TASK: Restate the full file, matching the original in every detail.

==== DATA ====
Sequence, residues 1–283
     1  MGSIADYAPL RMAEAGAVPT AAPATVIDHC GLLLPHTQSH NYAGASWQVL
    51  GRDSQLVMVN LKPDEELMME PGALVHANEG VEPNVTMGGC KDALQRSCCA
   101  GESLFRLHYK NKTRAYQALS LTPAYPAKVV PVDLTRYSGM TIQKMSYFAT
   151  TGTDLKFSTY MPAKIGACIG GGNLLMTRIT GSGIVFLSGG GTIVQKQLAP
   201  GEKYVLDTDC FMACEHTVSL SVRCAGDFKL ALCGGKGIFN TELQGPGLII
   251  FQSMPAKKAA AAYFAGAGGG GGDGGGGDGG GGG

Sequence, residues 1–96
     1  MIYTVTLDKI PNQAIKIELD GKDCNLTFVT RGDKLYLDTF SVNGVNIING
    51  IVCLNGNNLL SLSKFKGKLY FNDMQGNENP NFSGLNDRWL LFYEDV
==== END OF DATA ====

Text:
Sequence, residues 1–283
     1  MGSIADYAPL RMAEAGAVPT AAPATVIDHC GLLLPHTQSH NYAGASWQVL
    51  GRDSQLVMVN LKPDEELMME PGALVHANEG VEPNVTMGGC KDALQRSCCA
   101  GESLFRLHYK NKTRAYQALS LTPAYPAKVV PVDLTRYSGM TIQKMSYFAT
   151  TGTDLKFSTY MPAKIGACIG GGNLLMTRIT GSGIVFLSGG GTIVQKQLAP
   201  GEKYVLDTDC FMACEHTVSL SVRCAGDFKL ALCGGKGIFN TELQGPGLII
   251  FQSMPAKKAA AAYFAGAGGG GGDGGGGDGG GGG

Sequence, residues 1–96
     1  MIYTVTLDKI PNQAIKIELD GKDCNLTFVT RGDKLYLDTF SVNGVNIING
    51  IVCLNGNNLL SLSKFKGKLY FNDMQGNENP NFSGLNDRWL LFYEDV